He starts with a telling figure of speech. He used to cry for answers like a baby cries for its mother’s milk. But now he is weaned from the craving, and is satisfied without the answers. What does he now live on? Faith. He is willing to pin his hopes on the Lord and be happy with what He thinks best.
Life is a mystery, but we can be patient, because it is God’s mystery. He is wise and loving enough to make it come out good for us in the end.
The third answer is God’s sovereignty.
Chapters 40 and 41 are mostly about God’s power,
Would you annul My judgment? Would you condemn Me? Have you an arm like God or can you thunder with a voice like His?
Of course He can’t. Divine words are power, human words are noise. He doesn’t leave it there. God goes on to cite two horrible beasts—Leviathan and Behemoth. What they are, no one can say. Some take them for crocodiles and hippos; others think they’re dinosaurs; still others say they’re mythological creatures, like dragons and sea serpents.
We don’t have to identify them! What we have to do is to see their relationship to us and to God. If the Lord swims with killer whales, takes a rhino for its walks, and naps with lions and tigers, it means He can do anything!
Thus, telling Him what He should and shouldn’t do is not only sinful and foolish, it’s also pointless. He doesn’t have to tell His secrets. And if He doesn’t, you can’t do anything about it. You can yell and scream and cuss; you can pout and say there is no God, but none of these things affect Him in the least.
He is above all threatening! He cannot be coerced or blackmailed. The Second Psalms opens to sound of war. Nations are raging, the peoples are plotting, rulers are taking counsel against the Lord and against His anointed. They’re all saying, ‘Let us break their bonds asunder and cast away their cords from us’.
All very menacing, of course. The plans would scare you and me to death. But look at Lord,
He that sits in the heavens shall laugh them to scorn; the Lord shall have them in derision.
The sovereignty of God means He does what He pleases, without asking our permission, and without explaining Himself, if He doesn’t want to. We can’t do anything about it.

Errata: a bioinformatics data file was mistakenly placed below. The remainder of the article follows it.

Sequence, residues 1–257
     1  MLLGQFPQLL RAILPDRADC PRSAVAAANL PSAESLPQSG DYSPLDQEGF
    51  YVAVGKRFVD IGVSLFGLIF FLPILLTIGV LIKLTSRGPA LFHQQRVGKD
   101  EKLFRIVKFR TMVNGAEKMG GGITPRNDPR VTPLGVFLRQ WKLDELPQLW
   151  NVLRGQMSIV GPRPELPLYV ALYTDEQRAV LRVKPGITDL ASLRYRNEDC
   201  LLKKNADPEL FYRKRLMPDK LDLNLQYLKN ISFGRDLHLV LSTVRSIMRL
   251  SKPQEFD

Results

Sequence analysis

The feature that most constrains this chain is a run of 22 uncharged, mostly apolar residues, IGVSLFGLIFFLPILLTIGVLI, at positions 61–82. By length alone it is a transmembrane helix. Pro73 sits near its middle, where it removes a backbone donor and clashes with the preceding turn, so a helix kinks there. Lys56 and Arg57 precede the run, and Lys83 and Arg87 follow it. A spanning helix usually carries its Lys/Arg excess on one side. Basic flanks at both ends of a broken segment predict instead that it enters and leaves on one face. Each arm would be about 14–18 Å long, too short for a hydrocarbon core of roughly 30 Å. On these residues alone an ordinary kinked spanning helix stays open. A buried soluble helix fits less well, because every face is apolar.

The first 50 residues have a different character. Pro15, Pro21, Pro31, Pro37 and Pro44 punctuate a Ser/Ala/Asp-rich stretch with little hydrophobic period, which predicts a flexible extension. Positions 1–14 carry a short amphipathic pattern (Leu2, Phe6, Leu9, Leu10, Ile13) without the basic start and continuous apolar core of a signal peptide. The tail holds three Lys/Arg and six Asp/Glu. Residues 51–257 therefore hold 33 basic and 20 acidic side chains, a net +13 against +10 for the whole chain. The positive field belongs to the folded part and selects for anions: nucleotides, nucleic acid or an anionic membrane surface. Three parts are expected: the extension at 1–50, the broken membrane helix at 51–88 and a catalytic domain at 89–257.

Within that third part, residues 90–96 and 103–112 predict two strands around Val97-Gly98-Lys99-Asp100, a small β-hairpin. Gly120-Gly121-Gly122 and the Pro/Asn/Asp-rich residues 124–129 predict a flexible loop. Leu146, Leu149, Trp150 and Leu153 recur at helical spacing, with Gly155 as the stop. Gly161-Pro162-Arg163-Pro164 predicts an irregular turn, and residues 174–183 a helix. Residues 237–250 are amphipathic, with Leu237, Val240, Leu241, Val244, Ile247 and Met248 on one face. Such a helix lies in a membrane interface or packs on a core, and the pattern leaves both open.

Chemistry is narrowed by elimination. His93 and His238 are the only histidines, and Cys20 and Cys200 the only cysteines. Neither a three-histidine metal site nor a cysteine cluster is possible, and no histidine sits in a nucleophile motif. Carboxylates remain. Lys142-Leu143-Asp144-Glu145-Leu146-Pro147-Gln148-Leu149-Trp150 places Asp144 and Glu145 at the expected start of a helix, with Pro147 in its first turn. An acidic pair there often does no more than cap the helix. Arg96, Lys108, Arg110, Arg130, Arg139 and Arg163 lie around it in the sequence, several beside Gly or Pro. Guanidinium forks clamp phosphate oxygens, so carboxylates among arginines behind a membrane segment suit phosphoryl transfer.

And why should want to? After all, it is not the sovereignty of Fate or Chance or a Higher Power. It is the sovereignty of God, the God who died in our place on the cross.
After seeing the Lord in the storm and hearing His almighty voice, Job submits and tells God that he’s been both a fool and a villain for doubting Him,
I know that You can do everything,

And that no purpose of yours can be

Withheld from You.

You asked, ‘Who is this who hides

Counsel without knowledge?’

Therefore, I have uttered

What I did not understand,

Things too wonderful for me,

Which I did not know.

Listen, please, and let me speak;

You said, ‘I will question you,

And you shall answer Me’.
I have heard of You by the hearing

Of the ear,

But now my eyes see You,

Therefore, I abhor myself,

And repent in dust and ashes.
The Bible does not explain all the mysteries of life. Because we don’t need to know them. This doesn’t leave us in the dark, but in the Light. For the Word revels something better than the mysteries of life; it reveals the Lord who is behind them all, and working them together for His glory and our good.
We are commanded to trust Him and to pin hopes on Him. Whether He explains Himself or not, He has done all things well.
God bless you everyone. For Christ’s sake. Amen.